Friday, April 6, 2018

Sky Gazing: Fixing Your Gaze On Space


"As regards the gaze, we must not look up or down but stare straight at the letter A. The eyes should not be wide open, as the mind may grasp the A as an external object, nor should the eyes be closed as we may start to doze. We must not blink the eyes or inhibit the flowing of the 'three waters'....We must not lose awareness of the A even for a moment..The mind follows the eyes: when a person looks, the mind passes through the eyes.If we gaze at the A, but our mind wanders someplace else, this is not concentration on the A........"....Wonders of the Natural Mind: The Essence of Dzogchen in the Native Bon Tradition ...Page 82.....By Tenzin Wangyal

"Sky gazing (Dzogchen)......In both the Bön and Buddhist Dzogchen traditions, sky gazing (Wylie: nam mkha' ar gtad, THDL: namkha arté) is considered to be an important part of tregchöd.......Sky gazing is a practice from the Dzogchen tradition.....the word dzogchen is a Tibetan rendering of the Sanskrit mahasandhi, which can be translated as "great perfection," or "total completeness." ...

"Firstly there is the Dzogchen gaze. The method of Dzogchen gazing disorientates the conceptual’s very important to practise the gaze first. You have to do that in order to keep your eyes from seeking forms upon which they tend to settle......In terms of Dzogchen, we train through the senses and the sense-fields rather than through trying to let go of thought. We learn to fix the senses. We keep the senses unmoving in relation to the external world......You would sit by the sea. Or you would sit by a river. You would focus on the surface detail of the water, so that you saw it very clearly and crisply. You would then fix your gaze. You would achieve that by keeping your eyes from moving. The eye muscles habitually track movements by flicking backwards and forwards along the line of movement......You become aware of that darting movement, and you continually attempt to freeze it – to fix your gaze. ......your eyes were not moving. ....This is a specific of many Dzogchen practices..... The impression you would receive would be like a photograph taken at a slow shutter speed. This is one of the best ways to train in fixing the gaze.....The way to train in focusing in space, in terms of Dzogchen, is to learn to feel comfortable when your eyes have no object of focus. This seems challenging at first, but it is by no means difficult. It is, in fact, easier than learning how to fix the gaze. There is a fairly simple method. You stretch out your arm and focus on your index finger. Then, when you have settled your focus, you lower your arm and maintain the gaze. Every time you find your eyes settling on distant objects, simply raise your arm again and re-focus on your finger. You just keep repeating this process until focusing in space becomes a simple muscular develop the ability to fix the gaze and focus in do both at once....".....Aro gTér, a Nyingma terma. It is described in detail in the book moving being, by Khandro Déchen.....

"GAZING AS DZOGCHEN ......We look through the mind and we gaze within awareness…becoming aware of awareness is the path of gazing (whether eyes or open or closed)…we can gaze into awareness and we are immediately the field, the field of being. If we look and look for awareness with our mind only blankness arises, a blank state. Sunyata, primordial knowingness is not blankness, it is not blanking out. As we become aware of awareness we enter the gaze, we become the place of the gaze…this gazing from within awareness opens the multidimensionalness….the different dimensions of the field manifest within the gaze, within us. The gaze is both within us and beyond us. Within the gaze, there is neither simple inside nor simple outside. The gaze is place...a vast place beyond inside and outside. There are many forms of gazing. At times we gaze through the eyes of the mind, (heart channels), we can gaze through the entire body, and we can gaze through the heart essence, hridayam. We can gaze through touch, we can gaze through sound, and we gaze through sight. We can gaze into various phenomena…all directly…unmediated…we can gaze into sky, we can gaze into death, we can gaze in the pre-personal, gazing into soma, gazing into the elements, gazing into the dakini, the vortexual, the element of flesh, we gaze into psyche…the gaze itself is psyche, not mind. Gazing both leads to and is gnosis, jnana…direct perception. Togal, the leaping over practice, is not simply gazing into the sky - although sky gazing is its cultural and historical elaboration. If you wish to live in gnosis then gaze…gazing is the most direct of methods…Detailed instructions on the gazing methods of Dzogchen are generally secret and protected."....Written by: Rudolph Bauer, Ph.D.....Transmission: Journal of the Awareness Field Journal of the Washington Center for Consciousness Studies......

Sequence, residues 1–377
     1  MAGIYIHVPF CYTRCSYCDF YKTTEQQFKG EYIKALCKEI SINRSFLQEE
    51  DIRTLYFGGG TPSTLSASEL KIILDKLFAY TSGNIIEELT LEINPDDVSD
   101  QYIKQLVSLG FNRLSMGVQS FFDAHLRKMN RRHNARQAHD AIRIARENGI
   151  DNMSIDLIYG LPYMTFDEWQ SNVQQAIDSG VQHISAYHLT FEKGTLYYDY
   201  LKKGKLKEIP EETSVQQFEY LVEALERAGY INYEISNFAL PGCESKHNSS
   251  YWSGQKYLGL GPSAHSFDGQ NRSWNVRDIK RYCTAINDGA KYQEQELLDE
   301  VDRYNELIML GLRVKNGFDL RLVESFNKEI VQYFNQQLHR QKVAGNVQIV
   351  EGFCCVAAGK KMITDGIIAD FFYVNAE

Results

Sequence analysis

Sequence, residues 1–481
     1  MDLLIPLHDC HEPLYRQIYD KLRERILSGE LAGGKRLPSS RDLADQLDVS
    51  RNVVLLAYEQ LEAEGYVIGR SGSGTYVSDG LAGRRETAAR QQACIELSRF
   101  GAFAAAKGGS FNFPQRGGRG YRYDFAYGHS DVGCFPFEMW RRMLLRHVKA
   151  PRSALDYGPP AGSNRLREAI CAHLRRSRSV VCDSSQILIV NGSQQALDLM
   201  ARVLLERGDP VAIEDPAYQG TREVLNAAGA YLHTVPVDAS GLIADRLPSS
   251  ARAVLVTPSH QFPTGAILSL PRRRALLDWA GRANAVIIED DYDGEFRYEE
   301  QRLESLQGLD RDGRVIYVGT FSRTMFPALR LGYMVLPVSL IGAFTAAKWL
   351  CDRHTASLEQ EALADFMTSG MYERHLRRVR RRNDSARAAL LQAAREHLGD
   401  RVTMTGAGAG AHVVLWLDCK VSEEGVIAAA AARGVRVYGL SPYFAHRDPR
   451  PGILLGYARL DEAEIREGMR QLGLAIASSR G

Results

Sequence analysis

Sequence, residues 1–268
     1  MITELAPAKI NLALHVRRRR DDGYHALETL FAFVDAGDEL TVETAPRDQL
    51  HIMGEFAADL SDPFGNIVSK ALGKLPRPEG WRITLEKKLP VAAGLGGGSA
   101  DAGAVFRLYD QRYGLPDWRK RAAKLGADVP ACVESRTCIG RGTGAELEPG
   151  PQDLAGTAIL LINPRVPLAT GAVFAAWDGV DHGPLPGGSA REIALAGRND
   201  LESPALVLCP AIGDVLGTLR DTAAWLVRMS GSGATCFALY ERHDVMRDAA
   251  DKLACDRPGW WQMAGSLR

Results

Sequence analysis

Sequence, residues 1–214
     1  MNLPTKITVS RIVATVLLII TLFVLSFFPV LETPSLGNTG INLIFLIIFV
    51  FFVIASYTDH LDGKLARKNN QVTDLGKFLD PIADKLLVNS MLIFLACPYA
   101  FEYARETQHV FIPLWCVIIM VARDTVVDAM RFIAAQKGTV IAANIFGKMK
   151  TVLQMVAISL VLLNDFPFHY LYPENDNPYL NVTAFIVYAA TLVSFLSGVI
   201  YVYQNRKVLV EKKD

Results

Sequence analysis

" In Dzogchen, there are three kinds of space that we can talk about. There's the ordinary, dualistic outer space in which things exist. In relation to the practice of Trekcho practice, there are two other types that are discovered. There is also the inner space of the mind where thoughts etc. are experienced as being without any kind of actual 'place' of appearing or thing that creates them. This is inner ying - nang ying (nang dbyings). The outer space has a similar nature, where there is no fixed place to things that arise and they are not solid or within any kind of objective frame of reference. Basically, there's no place they arise, stay or disappear - similar to the nature of the mind. This is outer ying - chos ying."....